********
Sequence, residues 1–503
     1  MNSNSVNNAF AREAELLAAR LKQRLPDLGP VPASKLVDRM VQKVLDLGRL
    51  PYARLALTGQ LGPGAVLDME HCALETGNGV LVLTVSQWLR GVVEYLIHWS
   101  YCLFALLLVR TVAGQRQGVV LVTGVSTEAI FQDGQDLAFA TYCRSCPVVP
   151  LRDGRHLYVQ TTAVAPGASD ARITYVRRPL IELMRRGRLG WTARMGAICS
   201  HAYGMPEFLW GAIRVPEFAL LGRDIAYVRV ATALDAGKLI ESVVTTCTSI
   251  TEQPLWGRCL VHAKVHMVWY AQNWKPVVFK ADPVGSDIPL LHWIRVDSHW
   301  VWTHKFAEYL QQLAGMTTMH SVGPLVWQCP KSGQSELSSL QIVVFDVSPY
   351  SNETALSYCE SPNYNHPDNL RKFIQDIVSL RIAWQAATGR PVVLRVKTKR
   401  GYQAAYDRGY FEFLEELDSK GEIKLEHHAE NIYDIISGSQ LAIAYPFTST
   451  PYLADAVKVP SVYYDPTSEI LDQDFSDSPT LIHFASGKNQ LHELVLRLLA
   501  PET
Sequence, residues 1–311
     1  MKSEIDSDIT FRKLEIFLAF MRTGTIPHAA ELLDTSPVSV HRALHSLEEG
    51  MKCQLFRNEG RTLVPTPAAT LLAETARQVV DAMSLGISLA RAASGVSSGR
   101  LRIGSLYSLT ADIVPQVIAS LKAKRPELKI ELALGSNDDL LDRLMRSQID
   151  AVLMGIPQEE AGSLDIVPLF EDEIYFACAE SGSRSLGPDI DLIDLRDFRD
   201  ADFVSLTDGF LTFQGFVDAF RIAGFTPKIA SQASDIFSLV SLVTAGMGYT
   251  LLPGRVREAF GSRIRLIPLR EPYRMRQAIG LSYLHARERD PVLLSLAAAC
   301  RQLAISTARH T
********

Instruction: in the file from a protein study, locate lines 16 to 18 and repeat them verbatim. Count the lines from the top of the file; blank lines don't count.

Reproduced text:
   101  LRIGSLYSLT ADIVPQVIAS LKAKRPELKI ELALGSNDDL LDRLMRSQID
   151  AVLMGIPQEE AGSLDIVPLF EDEIYFACAE SGSRSLGPDI DLIDLRDFRD
   201  ADFVSLTDGF LTFQGFVDAF RIAGFTPKIA SQASDIFSLV SLVTAGMGYT